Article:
Pseudotropheus demasoni. Photo by Iggy Tavares
Another important consideration is where to place the aquarium in your home. As the furnished 100-gallon aquarium with stand weighs some 1,000 pounds, the floor needs to be strong enough to carry that weight. Additionally, several power plug points (outlets) are needed to run the various equipment associated with the aquarium.
Attractive 3D flexible rock-design backgrounds are available for fixing inside the aquarium along the back glass panel (according to manufacturer’s instructions) to enhance the appearance of this mbuna aquarium. A cheaper alternative is to stick a paper background along the outside of the glass or even to paint the back panel black. The background encourages the fish to move toward the front of the aquarium for better viewing and it also helps to highlight their beauty.
The base of the aquarium is best furnished with washed, smooth, small-grain coral sand (approximately 50 pounds) to a depth of at least 2 inches. Sand is a good choice, as it will not trap much debris and is easily stirred up when cleaning the aquarium. The sand is overlaid with pieces of limestone rocks (approximately 200 pounds), arranged to create large enough caves for 4-inch-long mbuna to disappear into, somewhat replicating their rocky terrain in the wild. Rocks are heavy and need to be arranged carefully to create stable structures that will not tumble. This is especially important because mbuna tend to dig in the sand, and that could undermine some of the rock arrangements. Various limestone rocks are available from local fish outlets, on the Internet and at expos.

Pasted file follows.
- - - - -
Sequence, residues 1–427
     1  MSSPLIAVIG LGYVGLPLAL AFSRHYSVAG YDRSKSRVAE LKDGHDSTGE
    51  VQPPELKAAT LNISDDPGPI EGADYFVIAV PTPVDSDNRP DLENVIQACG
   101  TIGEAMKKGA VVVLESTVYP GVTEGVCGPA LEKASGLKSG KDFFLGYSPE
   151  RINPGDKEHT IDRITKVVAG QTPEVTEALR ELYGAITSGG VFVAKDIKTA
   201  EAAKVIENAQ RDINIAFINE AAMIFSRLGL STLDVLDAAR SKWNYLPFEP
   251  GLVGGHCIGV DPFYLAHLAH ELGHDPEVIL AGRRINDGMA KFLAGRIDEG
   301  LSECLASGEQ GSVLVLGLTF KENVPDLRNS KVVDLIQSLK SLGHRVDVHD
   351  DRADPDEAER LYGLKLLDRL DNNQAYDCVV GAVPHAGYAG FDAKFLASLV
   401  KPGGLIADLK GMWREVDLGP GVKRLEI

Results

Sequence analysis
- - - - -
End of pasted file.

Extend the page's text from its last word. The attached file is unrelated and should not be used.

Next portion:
Metriaclima sp. Photo by Iggy Tavares
The water in Lake Malawi is alkaline and hard, with a pH ranging from 7.8 to 8.5 and general hardness ranging from 9 to 18 dKH. Alkaline, hard water is critical to the health and well being of Malawi cichlids. As it happens, 85 percent of tap water in the United States is hard and is usually suitable for keeping mbuna. If the tap water is soft, then the water can be hardened by adding baking soda (1 teaspoon per 5 gallons of water) or adding commercial products according to the manufacturer’s instructions. Chlorine in the tap water needs to be removed, which can be done by standing the tap water in a container for at least a couple of days before use. This will allow the chlorine to dissipate. Alternatively, commercial products are available for quick chlorine removal. The limestone rocks and coral sand used in my aquarium contain calcium carbonate, which helps to maintain pH and the hardness of the water as they slowly dissolve.